Katherine Treffinger's link is on my sidebar.

Tuesday, June 8, 2010

Tuesday June 8, 2010

I'm having a little trouble focusing this morning. I watched the news last night (the best reporting on the Gulf Disaster has been Rachel Maddow, msmbc) I'm sick about it and found it hard to sleep. The salt water runs deep in my veins. Perhaps it is "home" in so many ways; back to the beginning of time, or the fact that I grew up on the Gulf Coast. I didn't move to the West until 15 years ago. I find I left part of my heart in those nurseries and estuaries on the Gulf Coast. And I ache to my soul for the Gulf. The images coming out of the disaster will live with me forever. I feel I need to go to the Gulf and help, but who do I think I am God? Could I dive to the bottom of the Gulf and put my finger in the hole? I so hope they will be able to mitigate the damage. I feel it is difficult to breath, perhaps that is it. The oil disaster is sucking the air, or life from the coast. It will never be the same.
The loss makes it hard to go on, at least to go on as usual.

As Terry Temptest Williams says, in A Voice in the Wilderness, "We have to witness beautiful things die." And we are watching the Gulf and all it's critters die.

Monday, June 7, 2010

Monday June 6, 2010

Today promises to be hot, 91 degrees, really hot for Taos, New Mexico, a Western heat wave. The morning is hot, still and quiet, nothing moves...all is waiting.



"You like it, that's all, whether it's a landscape or abstract. You like it. It hits you. You don't have to read it. The work of art-sculpture or painting forces your eye." --Clement Greenburg

And today, I hope you like it!

Today Katherine Treffinger.blogspot.com posted my writing about the Meaning of Doing Art. Please take a look and enjoy Katherine's art while you're there. Thanks Katherine.

Sunday, June 6, 2010

My Very First Post

So this is my very first post. I am wondering what will I write and will anyone want to read it?

First I would like to tell you about the sunset last night. It was glorious which is not unusual in Taos, New Mexico, but last night was a sunset that could be considered beyond belief. An abstract painting in every direction, pink, pale blue, gold, dark to deepest grays. It was a sunset to share! I will try to post pics. But since this is my first, I don't know if I will be able to do this?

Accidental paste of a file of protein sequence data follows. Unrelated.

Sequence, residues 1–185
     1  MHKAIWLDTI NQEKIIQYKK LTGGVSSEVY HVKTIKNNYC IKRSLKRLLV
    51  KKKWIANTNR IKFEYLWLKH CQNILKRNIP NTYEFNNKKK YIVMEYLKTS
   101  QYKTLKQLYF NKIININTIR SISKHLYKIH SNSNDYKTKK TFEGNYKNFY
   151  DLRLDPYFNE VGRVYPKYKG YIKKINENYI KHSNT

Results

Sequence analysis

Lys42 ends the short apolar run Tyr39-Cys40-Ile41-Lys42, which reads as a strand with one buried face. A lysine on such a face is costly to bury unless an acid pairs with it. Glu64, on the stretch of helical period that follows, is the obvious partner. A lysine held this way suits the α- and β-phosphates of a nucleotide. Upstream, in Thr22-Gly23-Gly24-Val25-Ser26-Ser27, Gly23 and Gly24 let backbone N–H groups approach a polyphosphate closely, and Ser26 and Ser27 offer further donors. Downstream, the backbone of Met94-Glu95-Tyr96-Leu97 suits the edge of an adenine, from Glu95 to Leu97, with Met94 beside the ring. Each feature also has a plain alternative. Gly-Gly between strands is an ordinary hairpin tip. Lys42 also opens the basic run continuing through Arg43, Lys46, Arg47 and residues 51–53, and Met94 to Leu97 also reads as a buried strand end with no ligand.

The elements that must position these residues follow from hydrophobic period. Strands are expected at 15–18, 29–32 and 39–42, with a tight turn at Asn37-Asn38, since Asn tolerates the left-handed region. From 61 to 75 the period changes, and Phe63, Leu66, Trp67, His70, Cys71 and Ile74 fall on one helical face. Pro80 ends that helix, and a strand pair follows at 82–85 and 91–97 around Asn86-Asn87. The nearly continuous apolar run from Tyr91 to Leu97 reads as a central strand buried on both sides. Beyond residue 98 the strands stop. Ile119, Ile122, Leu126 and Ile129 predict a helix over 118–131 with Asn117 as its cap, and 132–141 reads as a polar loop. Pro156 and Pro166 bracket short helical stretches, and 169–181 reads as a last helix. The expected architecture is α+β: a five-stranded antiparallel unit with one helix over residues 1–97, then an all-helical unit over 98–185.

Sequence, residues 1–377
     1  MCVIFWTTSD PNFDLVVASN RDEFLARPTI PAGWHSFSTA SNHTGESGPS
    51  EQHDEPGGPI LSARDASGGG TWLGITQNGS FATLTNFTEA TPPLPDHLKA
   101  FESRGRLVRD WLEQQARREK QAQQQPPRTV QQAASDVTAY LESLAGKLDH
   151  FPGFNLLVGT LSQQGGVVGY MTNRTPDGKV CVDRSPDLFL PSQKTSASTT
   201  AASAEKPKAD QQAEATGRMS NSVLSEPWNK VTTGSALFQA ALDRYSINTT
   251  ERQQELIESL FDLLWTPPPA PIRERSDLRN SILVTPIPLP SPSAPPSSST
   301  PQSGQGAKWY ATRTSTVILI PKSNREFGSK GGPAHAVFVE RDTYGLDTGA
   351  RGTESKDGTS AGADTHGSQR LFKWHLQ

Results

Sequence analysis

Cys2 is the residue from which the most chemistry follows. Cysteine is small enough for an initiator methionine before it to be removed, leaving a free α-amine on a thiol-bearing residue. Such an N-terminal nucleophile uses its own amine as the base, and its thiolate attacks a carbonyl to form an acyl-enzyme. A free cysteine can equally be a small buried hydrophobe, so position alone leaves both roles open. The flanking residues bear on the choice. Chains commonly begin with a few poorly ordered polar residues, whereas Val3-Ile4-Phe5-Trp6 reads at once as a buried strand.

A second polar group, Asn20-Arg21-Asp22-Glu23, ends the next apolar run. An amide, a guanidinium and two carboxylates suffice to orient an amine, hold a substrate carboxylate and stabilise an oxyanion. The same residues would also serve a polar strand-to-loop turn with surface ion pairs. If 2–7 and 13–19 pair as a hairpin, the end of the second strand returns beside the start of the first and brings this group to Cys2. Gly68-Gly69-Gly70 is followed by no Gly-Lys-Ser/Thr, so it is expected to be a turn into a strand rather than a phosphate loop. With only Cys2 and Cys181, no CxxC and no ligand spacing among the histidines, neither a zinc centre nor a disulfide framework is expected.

This is a little poem I wrote last week.
Stumble, Stumbling, Stumbled

It's never easy for too long.
It seems, sometimes we stumble,

--We right ourselves--

Perhaps return to a safer place,
Perhaps jump to the next stone,

--We get clear--

This is what I want
And this is not.

--We begin again--

It's never easy for too long,
For sometimes...................we stumble.

I had been thinking....perhaps my work is too simple, too easy? And then it happened, I didn't like anything I did. I seek certain color vibrations in my work, they weren't happening? The work appeared as if done by one who knew nothing, had never painted before, and was making first attempts. And then, I thought, this isn't so easy after all. I said to myself, tomorrow we will begin again.......and perhaps this is where, we might say,.... and they lived happily ever after. But no, again I could not "right" myself. I had to get clear, find the way, pick up the end of the thread, scatter a few bread crumbs and continue on the unfamiliar path. The path of the artist.

I have been at it, for almost five decades, and you would think this path is familiar to me, but it is not. "The art of focusing itself has beauty and meaning; it is the art that continued in, turns art into meditation, into poetry (into painting). The question of place resolves itself into point of view." --Peggy Pond Church, Bones Incandescent